Each crew had two hours in the water so we'd start with a bit of an introductory course to learn the basics on the dammed up calm lake section before the actual run. Followed by a wild ride through the whitewater and then some more practice going upstream through the rapids before a final run down. It was a super hot day so the water was really nice and refreshing. Of course this also meant that it was quite crowded with many parties on the water.

Leonie being her usual fearless self. If we had let her she'd have jumped right into the water too.
How's this for a playground attraction?! I approve!
Leonie watching the action on the water.
Paddling back the return channel to go for another round.

My understanding is that a good strategy for surviving the waves is to hit them straight on while maintaining speed and momentum. Basically my default strategy when the going gets rough: "Flucht nach vorne" (literally "flight forwards"). This got me through the first run alright, but it also meant that I was a bit of a rowdy, playing bumper cars with the other boats. No harm intended ;-) Climbing the learning curve was satisfying. Already on the second run I felt much more in control and managed to hit the eddy after each rapid to meet up again with the others.

Why don't they have boat elevators? Sad. Losers.
Sandra waiting for me to bounce out of the entrance waves.
This is a bit of an embarrassing picture: I'm in the lower yellow kayak. A few minutes later we were looking for Andrey's paddle which is drifting right past me in this picture. I didn't notice it...

Unfortunately I screwed up one exercise where Sandra instructed me to hit a rock by drifting into it sideways. She told me the right thing to do was to "embrace the obstacle as your friend" and lean in to it. She demonstrated this by giving the rock an exaggerated embrace. On an intellectual level this makes perfect sense because this way you keep the underside of your boat up and into the current. The alternative is to have the wave roll over you and tip you over. And of course this is exactly what happened to me. It's a bit annoying that my lizard brain took over so quickly and easily after just having been told the right thing to do. But it feels counter intuitive to lean into the thing you are about to crash into rather than away from it. Anyway, I got this right on my second attempt. Lizard brain override successfully engaged.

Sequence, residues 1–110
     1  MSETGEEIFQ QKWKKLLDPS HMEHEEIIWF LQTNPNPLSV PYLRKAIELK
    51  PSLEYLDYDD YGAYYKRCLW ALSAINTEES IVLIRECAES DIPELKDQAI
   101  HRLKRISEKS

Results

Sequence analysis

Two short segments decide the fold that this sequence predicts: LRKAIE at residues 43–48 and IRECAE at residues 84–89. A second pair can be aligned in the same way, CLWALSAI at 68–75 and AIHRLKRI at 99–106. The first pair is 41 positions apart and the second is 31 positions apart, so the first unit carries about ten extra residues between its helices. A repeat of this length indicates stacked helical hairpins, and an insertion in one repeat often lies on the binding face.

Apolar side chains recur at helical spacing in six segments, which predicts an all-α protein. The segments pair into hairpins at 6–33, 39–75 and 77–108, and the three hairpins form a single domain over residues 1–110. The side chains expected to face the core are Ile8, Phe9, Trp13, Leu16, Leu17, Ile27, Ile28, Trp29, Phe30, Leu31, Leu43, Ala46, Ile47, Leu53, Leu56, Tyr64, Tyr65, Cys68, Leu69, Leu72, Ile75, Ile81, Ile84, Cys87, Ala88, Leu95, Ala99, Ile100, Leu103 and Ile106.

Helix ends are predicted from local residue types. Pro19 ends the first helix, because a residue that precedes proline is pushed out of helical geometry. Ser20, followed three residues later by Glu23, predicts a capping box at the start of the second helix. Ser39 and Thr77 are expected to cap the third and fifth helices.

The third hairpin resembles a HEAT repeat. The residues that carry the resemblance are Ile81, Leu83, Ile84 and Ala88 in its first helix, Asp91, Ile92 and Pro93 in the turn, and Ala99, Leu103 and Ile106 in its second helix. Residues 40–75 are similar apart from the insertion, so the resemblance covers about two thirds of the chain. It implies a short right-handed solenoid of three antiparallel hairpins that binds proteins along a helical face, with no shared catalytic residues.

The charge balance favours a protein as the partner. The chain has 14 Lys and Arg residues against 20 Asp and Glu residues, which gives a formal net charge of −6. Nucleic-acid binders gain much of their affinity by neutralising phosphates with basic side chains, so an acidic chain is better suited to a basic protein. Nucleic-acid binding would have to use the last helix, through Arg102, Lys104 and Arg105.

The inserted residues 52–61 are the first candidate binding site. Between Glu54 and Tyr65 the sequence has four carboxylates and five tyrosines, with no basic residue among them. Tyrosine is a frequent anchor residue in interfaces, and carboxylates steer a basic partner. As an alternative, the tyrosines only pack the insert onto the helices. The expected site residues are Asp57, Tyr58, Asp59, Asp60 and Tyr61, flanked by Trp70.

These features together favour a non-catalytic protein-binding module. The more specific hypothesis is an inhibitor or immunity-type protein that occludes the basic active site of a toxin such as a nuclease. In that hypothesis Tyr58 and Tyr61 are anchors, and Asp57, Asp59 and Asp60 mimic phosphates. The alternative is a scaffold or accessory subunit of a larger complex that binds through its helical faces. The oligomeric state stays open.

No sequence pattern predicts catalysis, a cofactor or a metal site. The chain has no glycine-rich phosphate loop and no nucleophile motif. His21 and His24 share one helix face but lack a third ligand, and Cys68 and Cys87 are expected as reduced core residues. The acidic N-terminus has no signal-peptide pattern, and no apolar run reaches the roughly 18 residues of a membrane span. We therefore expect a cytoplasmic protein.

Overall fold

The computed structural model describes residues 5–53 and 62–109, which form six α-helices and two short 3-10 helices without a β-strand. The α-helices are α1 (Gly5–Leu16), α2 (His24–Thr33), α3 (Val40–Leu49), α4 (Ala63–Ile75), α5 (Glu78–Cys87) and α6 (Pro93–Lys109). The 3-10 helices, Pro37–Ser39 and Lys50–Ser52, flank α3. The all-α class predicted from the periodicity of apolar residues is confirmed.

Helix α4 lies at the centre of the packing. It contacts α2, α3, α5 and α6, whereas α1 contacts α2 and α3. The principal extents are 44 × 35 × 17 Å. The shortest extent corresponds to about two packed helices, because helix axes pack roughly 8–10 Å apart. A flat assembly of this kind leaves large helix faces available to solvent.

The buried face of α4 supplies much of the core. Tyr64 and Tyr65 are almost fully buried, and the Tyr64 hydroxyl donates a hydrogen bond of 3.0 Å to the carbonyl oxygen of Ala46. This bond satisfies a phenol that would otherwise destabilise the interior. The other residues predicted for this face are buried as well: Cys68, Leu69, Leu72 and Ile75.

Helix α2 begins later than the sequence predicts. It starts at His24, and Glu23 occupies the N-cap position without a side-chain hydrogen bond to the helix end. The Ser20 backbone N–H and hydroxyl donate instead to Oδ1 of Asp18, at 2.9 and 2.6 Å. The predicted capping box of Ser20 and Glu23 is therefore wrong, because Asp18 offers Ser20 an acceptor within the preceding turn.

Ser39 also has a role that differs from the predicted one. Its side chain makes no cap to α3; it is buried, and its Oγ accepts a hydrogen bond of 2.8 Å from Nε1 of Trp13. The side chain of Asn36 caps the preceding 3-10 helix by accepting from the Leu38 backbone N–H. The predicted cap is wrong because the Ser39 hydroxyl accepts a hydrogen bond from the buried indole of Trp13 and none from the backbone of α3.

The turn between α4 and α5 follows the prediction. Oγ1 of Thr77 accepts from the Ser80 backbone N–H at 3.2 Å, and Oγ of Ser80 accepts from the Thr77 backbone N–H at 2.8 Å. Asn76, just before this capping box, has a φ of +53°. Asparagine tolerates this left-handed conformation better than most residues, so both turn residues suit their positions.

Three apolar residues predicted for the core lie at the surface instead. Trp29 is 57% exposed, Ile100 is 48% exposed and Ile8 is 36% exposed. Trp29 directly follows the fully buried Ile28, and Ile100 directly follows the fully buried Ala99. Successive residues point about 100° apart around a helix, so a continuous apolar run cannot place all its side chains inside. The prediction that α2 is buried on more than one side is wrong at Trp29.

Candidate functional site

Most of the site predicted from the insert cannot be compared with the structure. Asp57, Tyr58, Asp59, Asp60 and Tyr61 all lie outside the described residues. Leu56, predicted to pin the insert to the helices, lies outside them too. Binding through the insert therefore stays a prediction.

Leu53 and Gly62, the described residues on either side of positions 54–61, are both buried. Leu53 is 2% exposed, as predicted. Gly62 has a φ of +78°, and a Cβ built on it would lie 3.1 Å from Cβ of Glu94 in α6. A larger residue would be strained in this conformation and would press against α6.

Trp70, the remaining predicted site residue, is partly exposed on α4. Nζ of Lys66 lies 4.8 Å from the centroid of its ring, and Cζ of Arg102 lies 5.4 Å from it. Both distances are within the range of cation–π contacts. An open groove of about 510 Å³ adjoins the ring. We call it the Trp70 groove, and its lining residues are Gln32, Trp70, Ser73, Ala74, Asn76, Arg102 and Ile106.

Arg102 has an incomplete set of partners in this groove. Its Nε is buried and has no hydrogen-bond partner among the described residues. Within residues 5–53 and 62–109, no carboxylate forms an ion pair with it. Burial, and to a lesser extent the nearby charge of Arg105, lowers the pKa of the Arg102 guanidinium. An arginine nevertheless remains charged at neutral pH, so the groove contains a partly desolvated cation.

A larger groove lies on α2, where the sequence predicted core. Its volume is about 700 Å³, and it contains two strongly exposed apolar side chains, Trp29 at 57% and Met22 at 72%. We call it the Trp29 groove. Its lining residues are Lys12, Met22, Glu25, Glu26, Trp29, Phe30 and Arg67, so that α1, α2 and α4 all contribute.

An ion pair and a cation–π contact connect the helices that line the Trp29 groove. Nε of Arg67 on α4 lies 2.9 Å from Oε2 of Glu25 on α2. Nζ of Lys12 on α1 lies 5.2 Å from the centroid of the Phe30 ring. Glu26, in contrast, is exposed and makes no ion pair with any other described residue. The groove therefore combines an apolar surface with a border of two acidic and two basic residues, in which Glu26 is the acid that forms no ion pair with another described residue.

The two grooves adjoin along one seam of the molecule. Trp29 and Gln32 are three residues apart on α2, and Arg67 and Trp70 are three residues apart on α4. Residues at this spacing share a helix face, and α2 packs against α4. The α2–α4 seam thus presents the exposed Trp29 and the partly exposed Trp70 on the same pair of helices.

I like how in-sync we are...
...in these two pictures.

I somehow managed to squeeze and bruise my thumb when I went swimming at that rock though. This sucks as I was meant to go climbing today and am now sitting at home with a swollen, hurting and barely mobile thumb. Apparently old men are not allowed to go kayaking and climbing in a single weekend ;-/
We still had a total blast. It's an exhilarating rush to speed through the waves. Anita loved it, Leonie got a thorough workout (she basically collapsed once we got back home) - I'm pretty sure our little family will be back. Thanks to Sandra and Björn for patiently coaching us and enabling this experience! Now please take me on the Vorderrhein ;-P

Oh yeah!
All smiles.